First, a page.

|Matthew Henry's Concise Commentary|
9:15-28 Here is a further account of Solomon's greatness. He began at the right end, for he built God's house first, and finished that before he began his own; then God blessed him, and he prospered in all his other buildings. Let piety begin, and profit follow; leave pleasure to the last. Whatever pains we take for the glory of God, and to profit others, we are likely to have the advantage. Canaan, the holy land, the glory of all lands, had no gold in it; which shows that the best produce is that which is for the present support of life, our own and others; such things did Canaan produce. Solomon got much by his merchandise, and yet has directed us to a better trade, within reach of the poorest. Wisdom is better than the merchandise of silver, and the gain thereof than fine gold, Pr 3:14.
Verse 24. - But [אַך, lit. only. Keil rightly connects the word with אַז below. "So soon as.. then." Cf. Genesis 27:30. This and ver. 25 are not interposed arbitrarily, as might at first sight appear, but refer to 1 Kings 3:1-4. The completion of the palaces rendered it no longer necessary or proper that Solomon's daughter should dwell in a separate house. The chronicler tells us that she had dwelt in David's palace on Mount Zion, and that Solomon was constrained to remove her, because he looked upon all the precinct as now consecrated (2 Chronicles 8:11) ]. Pharaoh's daughter came up [עָלְתָה. Keil hence argues that the palace stood on higher ground than David's house. But this conclusion is somewhat precarious. The approach to the palace involved an ascent, but Zion was certainly as high as Ophel] out of the city of David unto her house which Solomon [Heb. he] had built for her: then did he build Millo. [Thenius infers from these words that Mille was a fort or castle for the protection of the harem. But there is no warrant for any such conjecture. In the first place, this wife would seem to have been lodged in her own palace apart from the other wives.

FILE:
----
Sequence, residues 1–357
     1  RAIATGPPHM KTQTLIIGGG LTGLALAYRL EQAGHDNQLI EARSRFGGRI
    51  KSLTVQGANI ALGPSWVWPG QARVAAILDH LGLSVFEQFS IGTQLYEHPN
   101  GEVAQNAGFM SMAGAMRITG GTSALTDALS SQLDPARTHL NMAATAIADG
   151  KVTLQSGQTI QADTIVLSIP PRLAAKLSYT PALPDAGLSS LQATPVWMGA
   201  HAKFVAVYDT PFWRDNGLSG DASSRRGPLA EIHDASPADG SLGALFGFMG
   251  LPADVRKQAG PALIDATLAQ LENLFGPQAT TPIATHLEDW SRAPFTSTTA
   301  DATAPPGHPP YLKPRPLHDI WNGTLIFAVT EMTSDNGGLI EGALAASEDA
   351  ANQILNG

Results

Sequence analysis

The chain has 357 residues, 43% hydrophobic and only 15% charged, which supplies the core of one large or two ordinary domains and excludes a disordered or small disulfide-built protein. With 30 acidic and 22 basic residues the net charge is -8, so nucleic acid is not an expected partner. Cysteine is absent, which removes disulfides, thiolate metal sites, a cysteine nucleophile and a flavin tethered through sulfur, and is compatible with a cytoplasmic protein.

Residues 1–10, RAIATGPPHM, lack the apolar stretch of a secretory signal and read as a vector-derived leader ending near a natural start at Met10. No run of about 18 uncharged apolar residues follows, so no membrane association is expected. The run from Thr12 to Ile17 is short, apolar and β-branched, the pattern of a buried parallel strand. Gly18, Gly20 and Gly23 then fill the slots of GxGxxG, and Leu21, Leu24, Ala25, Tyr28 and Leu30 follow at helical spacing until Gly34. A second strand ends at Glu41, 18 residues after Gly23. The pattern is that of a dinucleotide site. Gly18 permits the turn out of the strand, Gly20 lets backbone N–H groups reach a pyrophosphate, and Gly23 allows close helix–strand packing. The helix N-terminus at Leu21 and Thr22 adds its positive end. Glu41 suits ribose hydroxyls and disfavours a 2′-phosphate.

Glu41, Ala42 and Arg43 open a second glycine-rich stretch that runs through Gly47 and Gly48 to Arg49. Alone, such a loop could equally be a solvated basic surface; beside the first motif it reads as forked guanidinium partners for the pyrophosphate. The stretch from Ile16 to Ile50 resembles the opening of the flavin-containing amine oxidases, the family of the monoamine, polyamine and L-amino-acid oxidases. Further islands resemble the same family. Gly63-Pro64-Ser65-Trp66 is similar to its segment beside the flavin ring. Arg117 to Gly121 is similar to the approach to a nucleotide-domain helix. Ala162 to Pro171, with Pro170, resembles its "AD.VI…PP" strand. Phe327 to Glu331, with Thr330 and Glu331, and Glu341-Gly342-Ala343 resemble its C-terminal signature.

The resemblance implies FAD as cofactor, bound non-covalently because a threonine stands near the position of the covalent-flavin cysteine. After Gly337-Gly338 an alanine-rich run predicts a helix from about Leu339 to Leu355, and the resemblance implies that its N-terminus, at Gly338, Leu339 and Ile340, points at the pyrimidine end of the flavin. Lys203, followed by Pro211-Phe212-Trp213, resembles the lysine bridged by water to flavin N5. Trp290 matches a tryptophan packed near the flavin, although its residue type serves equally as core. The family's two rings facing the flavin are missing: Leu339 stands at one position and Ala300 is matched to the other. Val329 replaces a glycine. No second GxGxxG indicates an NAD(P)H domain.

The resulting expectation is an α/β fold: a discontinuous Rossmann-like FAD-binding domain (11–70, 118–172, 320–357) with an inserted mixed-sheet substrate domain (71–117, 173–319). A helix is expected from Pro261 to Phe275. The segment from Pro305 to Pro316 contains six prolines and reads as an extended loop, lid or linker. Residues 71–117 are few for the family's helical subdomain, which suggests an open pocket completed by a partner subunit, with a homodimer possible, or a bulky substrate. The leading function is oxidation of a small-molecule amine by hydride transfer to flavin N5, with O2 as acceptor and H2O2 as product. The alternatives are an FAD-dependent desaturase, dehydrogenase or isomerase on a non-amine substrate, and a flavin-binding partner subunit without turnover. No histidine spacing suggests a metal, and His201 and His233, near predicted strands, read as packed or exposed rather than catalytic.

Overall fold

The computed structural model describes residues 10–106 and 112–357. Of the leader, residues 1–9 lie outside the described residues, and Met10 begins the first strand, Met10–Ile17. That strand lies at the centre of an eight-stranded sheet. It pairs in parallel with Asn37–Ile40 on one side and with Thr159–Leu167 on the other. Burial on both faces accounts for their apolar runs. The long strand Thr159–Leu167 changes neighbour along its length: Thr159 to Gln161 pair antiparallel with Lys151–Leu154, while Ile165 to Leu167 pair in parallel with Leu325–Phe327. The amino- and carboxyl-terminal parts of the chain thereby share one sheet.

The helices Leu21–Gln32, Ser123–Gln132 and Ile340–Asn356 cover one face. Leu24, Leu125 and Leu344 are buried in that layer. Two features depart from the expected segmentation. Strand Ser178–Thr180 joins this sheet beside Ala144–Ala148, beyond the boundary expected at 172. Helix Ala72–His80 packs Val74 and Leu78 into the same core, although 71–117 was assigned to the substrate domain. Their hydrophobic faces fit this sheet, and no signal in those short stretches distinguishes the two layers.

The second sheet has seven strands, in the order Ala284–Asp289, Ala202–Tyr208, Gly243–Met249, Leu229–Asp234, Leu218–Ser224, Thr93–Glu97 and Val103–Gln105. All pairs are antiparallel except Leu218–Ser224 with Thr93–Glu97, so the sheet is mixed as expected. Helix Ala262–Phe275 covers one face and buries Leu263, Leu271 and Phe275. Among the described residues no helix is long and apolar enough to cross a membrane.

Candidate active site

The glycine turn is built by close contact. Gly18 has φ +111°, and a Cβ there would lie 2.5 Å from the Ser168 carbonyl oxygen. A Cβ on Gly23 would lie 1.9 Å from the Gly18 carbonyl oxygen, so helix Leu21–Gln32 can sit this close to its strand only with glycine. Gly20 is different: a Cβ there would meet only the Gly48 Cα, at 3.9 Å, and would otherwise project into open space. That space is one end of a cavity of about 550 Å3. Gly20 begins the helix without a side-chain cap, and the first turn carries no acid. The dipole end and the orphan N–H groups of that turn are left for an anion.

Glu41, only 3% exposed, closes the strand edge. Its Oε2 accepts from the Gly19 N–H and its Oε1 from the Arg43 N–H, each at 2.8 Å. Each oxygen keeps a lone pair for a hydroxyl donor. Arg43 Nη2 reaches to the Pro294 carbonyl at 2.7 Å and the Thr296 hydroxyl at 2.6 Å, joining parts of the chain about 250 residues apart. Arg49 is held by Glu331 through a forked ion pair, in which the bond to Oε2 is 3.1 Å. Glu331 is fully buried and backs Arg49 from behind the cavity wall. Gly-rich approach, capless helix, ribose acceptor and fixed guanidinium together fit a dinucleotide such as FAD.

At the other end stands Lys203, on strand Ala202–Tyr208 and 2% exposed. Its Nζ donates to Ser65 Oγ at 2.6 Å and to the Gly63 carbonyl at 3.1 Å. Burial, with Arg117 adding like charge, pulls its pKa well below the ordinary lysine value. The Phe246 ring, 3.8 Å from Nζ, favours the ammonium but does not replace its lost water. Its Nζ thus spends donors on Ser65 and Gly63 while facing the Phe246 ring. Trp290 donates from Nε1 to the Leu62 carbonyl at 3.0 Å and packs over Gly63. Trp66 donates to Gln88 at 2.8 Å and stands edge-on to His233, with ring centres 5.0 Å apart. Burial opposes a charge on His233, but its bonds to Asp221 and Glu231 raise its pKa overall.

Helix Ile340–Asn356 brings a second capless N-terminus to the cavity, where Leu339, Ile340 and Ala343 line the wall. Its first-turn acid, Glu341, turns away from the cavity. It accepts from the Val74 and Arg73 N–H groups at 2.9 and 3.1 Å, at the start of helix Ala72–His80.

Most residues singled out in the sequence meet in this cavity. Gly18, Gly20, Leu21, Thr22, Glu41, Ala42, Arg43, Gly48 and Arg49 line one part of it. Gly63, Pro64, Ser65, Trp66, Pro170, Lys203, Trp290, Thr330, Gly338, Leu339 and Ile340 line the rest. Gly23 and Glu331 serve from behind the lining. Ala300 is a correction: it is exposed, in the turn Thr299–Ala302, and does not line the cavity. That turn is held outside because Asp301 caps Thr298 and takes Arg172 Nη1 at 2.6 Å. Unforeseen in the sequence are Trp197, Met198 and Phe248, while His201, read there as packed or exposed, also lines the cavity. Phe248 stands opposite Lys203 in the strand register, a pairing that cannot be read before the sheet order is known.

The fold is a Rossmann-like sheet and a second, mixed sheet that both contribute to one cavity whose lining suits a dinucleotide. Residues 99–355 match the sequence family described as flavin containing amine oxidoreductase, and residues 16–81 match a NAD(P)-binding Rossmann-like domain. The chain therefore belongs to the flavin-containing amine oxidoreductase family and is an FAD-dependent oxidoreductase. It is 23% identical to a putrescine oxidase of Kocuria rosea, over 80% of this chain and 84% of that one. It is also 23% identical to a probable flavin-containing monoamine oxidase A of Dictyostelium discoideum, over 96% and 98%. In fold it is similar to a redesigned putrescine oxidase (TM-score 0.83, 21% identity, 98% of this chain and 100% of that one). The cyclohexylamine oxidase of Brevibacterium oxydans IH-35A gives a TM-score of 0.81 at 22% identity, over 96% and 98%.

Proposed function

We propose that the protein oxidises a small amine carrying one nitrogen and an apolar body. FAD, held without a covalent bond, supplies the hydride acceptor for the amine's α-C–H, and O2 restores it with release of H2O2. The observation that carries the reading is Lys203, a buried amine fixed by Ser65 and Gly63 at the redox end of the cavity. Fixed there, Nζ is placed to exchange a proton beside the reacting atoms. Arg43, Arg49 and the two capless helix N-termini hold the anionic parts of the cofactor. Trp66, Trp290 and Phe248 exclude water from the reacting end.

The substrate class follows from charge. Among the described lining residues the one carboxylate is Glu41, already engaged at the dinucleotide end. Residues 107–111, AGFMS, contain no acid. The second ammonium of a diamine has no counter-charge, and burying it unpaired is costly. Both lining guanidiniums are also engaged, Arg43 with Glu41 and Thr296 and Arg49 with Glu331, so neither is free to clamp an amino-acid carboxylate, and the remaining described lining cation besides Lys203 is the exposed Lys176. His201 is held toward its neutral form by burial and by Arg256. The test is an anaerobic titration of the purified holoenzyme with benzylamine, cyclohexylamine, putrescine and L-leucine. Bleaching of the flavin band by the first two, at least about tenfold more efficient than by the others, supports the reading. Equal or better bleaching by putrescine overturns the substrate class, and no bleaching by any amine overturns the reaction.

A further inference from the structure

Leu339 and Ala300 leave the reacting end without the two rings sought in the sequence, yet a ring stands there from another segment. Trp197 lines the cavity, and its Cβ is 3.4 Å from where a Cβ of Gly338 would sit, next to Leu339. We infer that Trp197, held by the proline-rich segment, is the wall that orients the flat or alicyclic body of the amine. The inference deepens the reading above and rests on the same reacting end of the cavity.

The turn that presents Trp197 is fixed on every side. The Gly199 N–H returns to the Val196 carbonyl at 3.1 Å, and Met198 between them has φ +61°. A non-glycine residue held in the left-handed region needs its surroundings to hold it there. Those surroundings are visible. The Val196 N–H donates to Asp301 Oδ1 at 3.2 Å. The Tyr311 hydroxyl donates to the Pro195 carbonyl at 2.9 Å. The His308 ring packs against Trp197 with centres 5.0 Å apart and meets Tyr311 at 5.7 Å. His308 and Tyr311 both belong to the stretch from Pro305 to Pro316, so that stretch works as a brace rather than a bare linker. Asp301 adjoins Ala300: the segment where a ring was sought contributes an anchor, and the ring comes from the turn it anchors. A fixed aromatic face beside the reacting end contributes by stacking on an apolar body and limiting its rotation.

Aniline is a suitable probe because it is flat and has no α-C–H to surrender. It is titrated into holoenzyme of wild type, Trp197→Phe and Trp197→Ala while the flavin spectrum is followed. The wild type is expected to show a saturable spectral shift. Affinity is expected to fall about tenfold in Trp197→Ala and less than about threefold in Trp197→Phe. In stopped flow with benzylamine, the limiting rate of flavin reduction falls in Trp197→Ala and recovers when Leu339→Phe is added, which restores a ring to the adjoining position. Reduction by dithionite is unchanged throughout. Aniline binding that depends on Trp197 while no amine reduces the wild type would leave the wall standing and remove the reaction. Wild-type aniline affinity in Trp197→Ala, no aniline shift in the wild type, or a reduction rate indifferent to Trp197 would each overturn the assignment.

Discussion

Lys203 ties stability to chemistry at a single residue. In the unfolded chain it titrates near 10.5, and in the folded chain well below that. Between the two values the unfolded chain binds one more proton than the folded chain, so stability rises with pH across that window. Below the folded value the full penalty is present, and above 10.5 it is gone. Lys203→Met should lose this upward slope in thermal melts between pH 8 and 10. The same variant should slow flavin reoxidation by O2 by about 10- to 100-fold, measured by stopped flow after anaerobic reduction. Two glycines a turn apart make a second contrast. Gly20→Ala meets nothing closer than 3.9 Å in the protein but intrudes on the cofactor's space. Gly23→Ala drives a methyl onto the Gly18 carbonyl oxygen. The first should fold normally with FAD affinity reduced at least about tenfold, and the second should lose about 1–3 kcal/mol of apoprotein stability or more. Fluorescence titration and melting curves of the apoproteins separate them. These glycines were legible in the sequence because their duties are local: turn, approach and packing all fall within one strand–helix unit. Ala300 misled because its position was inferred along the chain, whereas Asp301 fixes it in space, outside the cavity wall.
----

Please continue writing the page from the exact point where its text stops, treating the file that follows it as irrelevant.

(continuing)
2. We can offer a better explanation of the word Mille (see ver. 15).
3. The word "then" may mean either
(1), that when her palace was completed, Solomon then had workmen who were liberated and were employed on Mille (Keil), or
(2), that when she vacated David's house, the building of Mille could be proceeded with.
Gill's Exposition of the Entire Bible
But Pharaoh's daughter came up out of the city of David,.... Where he placed her when he first married her, until he had finished his buildings, 1 Kings 3:1, which being done he brought her from thence unto her house, which Solomon had built for her; the reason of which is given, not only because it was the house of David, but because it was holy by the ark being there for some time; and therefore he did not judge it proper that his wife, an Egyptian woman, and sometimes in her impurity, should dwell there; see 2 Chronicles 8:11,
then did he build Millo: this being particularly repeated from 1 Kings 9:15, and following upon what is said of Pharaoh's daughter, has led many Jewish writers to conclude her house was built at Millo; and indeed, without supposing this, it is hard to conceive why it should be observed here; the Targum on 2 Chronicles 8:11 calls her name Bithiah.
Jamieson-Fausset-Brown Bible Commentary
1Ki 9:24-28. Solomon's Yearly Sacrifices.
24, 25. three times in a year—namely, at the passover, pentecost, and feast of tabernacles (2Ch 8:13; 31:3). The circumstances mentioned in these two verses form a proper conclusion to the record of his buildings and show that his design in erecting those at Jerusalem was to remedy defects existing at the commencement of his reign (see 1Ki 3:1-4).
1 Kings 9:24 Parallel Commentaries
1 Kings 9:24 NIV
1 Kings 9:24 NLT
1 Kings 9:24 ESV
1 Kings 9:24 NASB
1 Kings 9:24 KJV
Bible Hub: Online Parallel Bible